257806 Rural AIDS in Florida: Factors associated with acquired immunodeficiency syndrome survival

Tuesday, October 30, 2012

Mary Jo Trepka, MD, MSPH , Robert Stempel College of Public Health and Social Work, Department of epidemiology, Florida International University, Miami, FL
Theophile Niyonsenga, PhD , Epidemiology & Biostatistics, FIU Stempel School of Public Health, Miami, FL
Lorene Maddox, MPH , Bureau of HIV/AIDS, Florida Department of Health, Tallahassee, FL
Spencer Lieb, MPH , Florida Consortium for HIV/AIDS Research, The AIDS Institute, Tampa, FL
Background: To describe predictors of survival among people diagnosed with AIDS in rural Florida and compare these predictors with those in urban areas. Methods: Florida AIDS surveillance data for people diagnosed with AIDS during 1993-2004 were linked with Florida Vital Records, the Social Security Administration's Death Master File, and the National Death Index to ascertain deaths. AIDS deaths were merged with 2000 Census data using zip code tabulation areas (ZCTA). Rural status of ZCTA was classified based on the rural-urban commuting area coding of the ZCTA. Survival rates were compared between rural and urban areas using survival curves and Cox proportional hazards models controlling for demographic, clinical, and area-level socioeconomic and health care access factors. Results: Of the 59,528 AIDS cases diagnosed during 1993-2004, 1,073 (1.8%) were diagnosed in rural areas. The three-year survival rate was slightly higher in rural (70.8%) than in urban (68.1%) areas, but the difference was not statistically significant (P <0.054). There was no difference in the five-year or ten-year survival rates. In the Cox proportional hazards models, older age at the time of diagnosis, earlier year of diagnosis, other/unknown mode of transmission, lower CD4 count, a lower measure of material deprivation and low density of hospitals were associated with lower survival. Conclusions: In Florida there was no evidence that rural residents diagnosed with AIDS were disadvantaged with regard to AIDS survival. However, rural residents living in areas with a low density of hospitals were disadvantaged relative to other rural residents.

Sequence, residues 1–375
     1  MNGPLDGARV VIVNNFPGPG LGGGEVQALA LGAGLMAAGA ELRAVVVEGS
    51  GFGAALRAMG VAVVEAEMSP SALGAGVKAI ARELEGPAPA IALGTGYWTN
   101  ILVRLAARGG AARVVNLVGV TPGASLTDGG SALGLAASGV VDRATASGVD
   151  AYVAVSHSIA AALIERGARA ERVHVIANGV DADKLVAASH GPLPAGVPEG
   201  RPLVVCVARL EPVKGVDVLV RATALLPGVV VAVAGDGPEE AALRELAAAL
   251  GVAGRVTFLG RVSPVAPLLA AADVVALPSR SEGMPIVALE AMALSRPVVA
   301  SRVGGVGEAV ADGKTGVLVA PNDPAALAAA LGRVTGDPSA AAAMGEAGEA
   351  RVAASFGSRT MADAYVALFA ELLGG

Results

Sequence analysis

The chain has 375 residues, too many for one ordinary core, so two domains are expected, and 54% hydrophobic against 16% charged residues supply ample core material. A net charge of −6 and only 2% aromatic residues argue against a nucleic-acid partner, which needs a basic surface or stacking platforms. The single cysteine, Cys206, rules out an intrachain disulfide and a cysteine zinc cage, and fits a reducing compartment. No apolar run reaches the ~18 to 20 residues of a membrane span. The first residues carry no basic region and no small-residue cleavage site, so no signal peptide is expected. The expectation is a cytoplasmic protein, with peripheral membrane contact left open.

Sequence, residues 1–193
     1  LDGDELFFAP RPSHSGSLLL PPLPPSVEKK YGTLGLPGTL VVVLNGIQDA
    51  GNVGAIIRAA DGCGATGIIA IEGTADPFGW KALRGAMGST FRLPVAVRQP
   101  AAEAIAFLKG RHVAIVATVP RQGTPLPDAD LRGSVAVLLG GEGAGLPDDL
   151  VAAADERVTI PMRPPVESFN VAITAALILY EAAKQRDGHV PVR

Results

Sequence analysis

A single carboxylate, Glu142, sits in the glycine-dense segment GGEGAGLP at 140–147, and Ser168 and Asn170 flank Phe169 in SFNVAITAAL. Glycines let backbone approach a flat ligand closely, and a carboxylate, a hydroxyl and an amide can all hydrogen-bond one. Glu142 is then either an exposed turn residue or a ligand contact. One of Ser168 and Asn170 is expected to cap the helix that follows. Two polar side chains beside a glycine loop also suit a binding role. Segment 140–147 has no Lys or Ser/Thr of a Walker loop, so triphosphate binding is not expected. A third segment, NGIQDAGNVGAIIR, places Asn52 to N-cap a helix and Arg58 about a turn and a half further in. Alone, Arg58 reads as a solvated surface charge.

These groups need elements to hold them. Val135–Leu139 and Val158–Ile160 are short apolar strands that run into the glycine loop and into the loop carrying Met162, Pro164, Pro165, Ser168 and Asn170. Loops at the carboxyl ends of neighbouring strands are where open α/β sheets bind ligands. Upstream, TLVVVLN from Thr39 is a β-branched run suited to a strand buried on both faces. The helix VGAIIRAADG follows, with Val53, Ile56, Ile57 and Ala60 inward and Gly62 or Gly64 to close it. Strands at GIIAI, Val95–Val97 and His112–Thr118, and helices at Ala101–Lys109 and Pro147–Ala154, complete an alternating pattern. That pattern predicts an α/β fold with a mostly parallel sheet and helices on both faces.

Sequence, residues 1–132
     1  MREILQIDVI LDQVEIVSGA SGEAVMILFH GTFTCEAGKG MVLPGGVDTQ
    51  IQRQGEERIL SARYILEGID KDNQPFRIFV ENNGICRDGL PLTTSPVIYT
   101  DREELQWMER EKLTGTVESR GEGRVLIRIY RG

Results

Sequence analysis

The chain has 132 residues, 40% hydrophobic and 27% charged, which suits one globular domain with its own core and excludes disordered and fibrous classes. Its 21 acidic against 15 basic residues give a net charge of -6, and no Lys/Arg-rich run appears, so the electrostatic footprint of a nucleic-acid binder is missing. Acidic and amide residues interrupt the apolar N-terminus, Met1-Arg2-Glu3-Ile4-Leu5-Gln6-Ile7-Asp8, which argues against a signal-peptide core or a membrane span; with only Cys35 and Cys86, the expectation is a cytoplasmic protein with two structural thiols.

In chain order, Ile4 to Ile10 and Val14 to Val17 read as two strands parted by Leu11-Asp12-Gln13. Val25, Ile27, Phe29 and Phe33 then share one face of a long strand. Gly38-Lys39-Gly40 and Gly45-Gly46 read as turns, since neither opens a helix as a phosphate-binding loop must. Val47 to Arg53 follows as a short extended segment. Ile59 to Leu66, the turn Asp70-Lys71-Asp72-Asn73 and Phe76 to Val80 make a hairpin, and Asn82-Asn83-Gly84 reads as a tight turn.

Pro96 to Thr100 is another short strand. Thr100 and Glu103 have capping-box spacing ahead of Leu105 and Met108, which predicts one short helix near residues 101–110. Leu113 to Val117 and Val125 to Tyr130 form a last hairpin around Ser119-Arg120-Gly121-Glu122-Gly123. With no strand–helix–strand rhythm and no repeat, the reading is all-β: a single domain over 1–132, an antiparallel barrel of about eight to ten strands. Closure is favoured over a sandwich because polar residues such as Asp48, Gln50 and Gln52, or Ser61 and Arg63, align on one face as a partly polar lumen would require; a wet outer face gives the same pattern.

Learning Areas:

Learning Objectives:
Discuss factors related to lower AIDS survival in rural areas

Keywords: HIV/AIDS, Rural Health Care

Presenting author's disclosure statement:

Qualified on the content I am responsible for because: "I have a Masters of Public Health degree and have extensive years of experience managing the Florida HIV/AIDS Surveillance System and using HIV/AIDS surveillance data.'
Any relevant financial relationships? No

I agree to comply with the American Public Health Association Conflict of Interest and Commercial Support Guidelines, and to disclose to the participants any off-label or experimental uses of a commercial product or service discussed in my presentation.